yPDVolt = np.array([1.74,1.86,2.64,5.10,12.9,28.2,53.4,82.8,112,132,143,148,149,150,150])  # [mV]

I fitted the integral of the Gaussian profile and plotted (see plot below).  This is a quick diagnostic measurement. Iused least squares fit, so no error analyses. Here are the fitted values:

Fitted beam center relative to zero of measurement 0.3240 mm
Fitted peak power 148.2308 mV
Fitted detector dark DC reading 1.6333 mV
Fitted beam width wz 97.3314 um

## Time to make a switch?

This beam is quite small although the NF1811 detector diameter is only 0.3 mm.  Not sure how scatter scales with beam size here, is there a good reference I can look up on this?

Now might be a good time to switch to Koji's new PD.  I've managed to stabilize the beat note to 20 MHz it seems to stay within a <1 kHz (3.2 µK) range over a periods of sometime more than 6 hours.  Although, it can take 12 hours to settle down over night after a large disturbance.

2173   Tue Apr 17 22:11:34 2018 awadeDailyProgressBEATSome final measurments before switching out NF1811

Note: I tried to attach the plot as a pdf but there is something wrong with backend processing this particular pdf and I'm getting a 502 error.  Have attached as a zip and a png

I thought it would be a good idea to document the current state of the BN spectrum before switching out the NF1811 post cavity BN detector for Koji's newly modified resonant detector.  The new detector has an area of 2 mm x 2 mm, much bigger than the 0.3 mm x 0.3 mm of the current configuration.  The larger PD means we can increase the beam size and hopefully reduce the scatter in the vicinity of the beat setup.

To compare apples with apples, I refloated the table. Also, I turned off the hepa fans around the  lab.   The current BN is 26 MHz and PID locked using the pre-cavity BN detector (Kp = -0.005, Ki = -0.000001).  It still hadn't settled from some disturbances earlier in the day, so was oscillating around ±200 kHz range about the set point. I didn't have time to wait, so I took the measurement with Marconi slope set to 10 kHz.  PLL bandwidth was ~16 kHz with SR560 gain of 100 and Marconi on slope 10 kHz/V.  In this range previous benchmarks of Marconi noise (see PSL:1588) would suggest that the PLL noise limit is 30 mHz/rtHz.  Therefore, PLL shouldn't be the limiting noise at the moment, notwithstanding PD dark noise (which isn't really quantified in the noise budget).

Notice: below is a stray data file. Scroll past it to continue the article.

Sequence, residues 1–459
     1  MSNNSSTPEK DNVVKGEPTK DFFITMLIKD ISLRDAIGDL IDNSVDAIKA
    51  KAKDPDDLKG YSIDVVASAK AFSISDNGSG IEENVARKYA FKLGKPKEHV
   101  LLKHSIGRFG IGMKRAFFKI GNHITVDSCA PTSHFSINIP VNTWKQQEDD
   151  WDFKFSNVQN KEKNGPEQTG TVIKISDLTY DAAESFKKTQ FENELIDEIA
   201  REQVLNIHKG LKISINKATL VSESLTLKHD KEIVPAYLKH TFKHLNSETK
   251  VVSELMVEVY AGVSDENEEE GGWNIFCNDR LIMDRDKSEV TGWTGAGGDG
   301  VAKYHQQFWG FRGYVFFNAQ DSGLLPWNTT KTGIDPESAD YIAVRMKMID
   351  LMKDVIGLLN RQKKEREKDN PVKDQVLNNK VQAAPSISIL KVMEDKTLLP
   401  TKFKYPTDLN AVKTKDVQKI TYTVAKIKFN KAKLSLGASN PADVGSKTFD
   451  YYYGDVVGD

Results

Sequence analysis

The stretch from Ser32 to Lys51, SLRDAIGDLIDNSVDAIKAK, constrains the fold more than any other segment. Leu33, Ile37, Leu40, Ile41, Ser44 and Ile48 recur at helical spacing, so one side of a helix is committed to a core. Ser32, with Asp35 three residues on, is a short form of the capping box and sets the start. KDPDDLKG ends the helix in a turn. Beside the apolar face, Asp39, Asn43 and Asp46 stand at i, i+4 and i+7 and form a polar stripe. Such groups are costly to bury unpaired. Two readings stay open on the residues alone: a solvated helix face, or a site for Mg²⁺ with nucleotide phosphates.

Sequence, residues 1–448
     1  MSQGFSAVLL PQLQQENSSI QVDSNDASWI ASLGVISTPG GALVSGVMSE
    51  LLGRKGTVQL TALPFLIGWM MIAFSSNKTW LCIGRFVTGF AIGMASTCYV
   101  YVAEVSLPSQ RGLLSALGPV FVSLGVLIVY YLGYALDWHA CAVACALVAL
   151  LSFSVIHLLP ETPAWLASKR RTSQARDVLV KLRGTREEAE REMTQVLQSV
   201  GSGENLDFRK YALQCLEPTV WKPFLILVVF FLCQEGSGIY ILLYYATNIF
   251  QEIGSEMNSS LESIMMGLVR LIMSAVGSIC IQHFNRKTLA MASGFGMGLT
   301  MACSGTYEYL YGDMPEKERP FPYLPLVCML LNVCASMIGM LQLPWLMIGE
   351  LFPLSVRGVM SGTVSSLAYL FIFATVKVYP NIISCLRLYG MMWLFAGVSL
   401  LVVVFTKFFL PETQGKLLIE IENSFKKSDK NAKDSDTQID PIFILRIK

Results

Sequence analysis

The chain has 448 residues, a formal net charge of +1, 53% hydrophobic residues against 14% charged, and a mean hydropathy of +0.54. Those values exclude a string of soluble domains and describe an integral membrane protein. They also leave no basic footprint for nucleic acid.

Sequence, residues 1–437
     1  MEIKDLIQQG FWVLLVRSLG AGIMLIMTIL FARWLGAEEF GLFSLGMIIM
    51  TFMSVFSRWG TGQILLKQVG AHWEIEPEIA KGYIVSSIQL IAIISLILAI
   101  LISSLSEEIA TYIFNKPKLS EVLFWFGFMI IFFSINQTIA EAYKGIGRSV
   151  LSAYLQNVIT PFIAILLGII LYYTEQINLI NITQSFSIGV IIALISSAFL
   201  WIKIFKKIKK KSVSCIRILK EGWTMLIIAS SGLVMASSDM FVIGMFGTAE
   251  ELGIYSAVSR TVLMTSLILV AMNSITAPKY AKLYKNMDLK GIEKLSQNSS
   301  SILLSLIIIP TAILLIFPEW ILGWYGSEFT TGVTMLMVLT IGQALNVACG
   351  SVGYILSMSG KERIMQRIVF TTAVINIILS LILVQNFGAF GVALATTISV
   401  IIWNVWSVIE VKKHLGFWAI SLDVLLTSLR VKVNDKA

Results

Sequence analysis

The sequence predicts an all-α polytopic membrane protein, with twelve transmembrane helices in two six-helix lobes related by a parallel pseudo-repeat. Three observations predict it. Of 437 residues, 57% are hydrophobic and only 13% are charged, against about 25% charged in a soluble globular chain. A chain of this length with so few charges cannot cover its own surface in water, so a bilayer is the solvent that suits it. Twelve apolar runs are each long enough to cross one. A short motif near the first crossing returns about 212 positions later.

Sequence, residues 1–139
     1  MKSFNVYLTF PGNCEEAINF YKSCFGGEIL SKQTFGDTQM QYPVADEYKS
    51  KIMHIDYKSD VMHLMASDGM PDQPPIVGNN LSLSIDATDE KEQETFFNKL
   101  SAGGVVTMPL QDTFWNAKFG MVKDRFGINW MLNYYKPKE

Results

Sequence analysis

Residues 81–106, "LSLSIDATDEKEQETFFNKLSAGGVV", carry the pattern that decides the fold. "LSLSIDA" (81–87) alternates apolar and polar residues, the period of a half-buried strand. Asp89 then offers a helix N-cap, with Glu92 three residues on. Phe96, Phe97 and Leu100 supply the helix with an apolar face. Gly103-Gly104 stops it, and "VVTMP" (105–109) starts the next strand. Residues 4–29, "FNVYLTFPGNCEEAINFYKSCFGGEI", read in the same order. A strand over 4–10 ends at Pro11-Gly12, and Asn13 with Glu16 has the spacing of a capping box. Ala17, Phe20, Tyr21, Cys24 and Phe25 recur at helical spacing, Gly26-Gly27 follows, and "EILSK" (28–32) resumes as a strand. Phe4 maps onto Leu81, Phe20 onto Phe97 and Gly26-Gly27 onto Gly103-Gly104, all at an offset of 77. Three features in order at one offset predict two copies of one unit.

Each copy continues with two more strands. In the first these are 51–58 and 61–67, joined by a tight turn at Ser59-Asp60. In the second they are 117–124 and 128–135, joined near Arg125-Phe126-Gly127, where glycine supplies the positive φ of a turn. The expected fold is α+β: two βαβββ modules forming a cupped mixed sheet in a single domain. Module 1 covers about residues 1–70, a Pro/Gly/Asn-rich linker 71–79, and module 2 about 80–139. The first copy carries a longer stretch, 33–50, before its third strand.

When I took the first measurement I found that the some of the scatter features had been improved since the last measurement (see attached figure razor blade in trace).  The noise floor seemed to be around 0.2 Hz/rtHz with a roll up at lower frequencies.  I realized, however, that I had left the razor blade profiler from the previous day's measurement (PSL:2172) in place, just above the beam.  I retook the measurement (see figure razor blade out trace).  There were a number of peaks that popped up broadly around 70 Hz, 180 Hz and 400 Hz.  Its likely that the razor blade was deflecting and dumping some of the light that has been causing these bumps in our spectrum.

I was a little suspicious of how flat the spectrum was above the characteristic scatter hump (up to 200 Hz).  In three separate measurements I blocked the beam from the BN detector, 50 Ω terminated the PLL at the BN input and then 50 Ω terminated at the ADC input .  These traces are also included in the figure below.  It shows that the apparent limit to sensitivity is the dark noise of the NF1811 photodetector.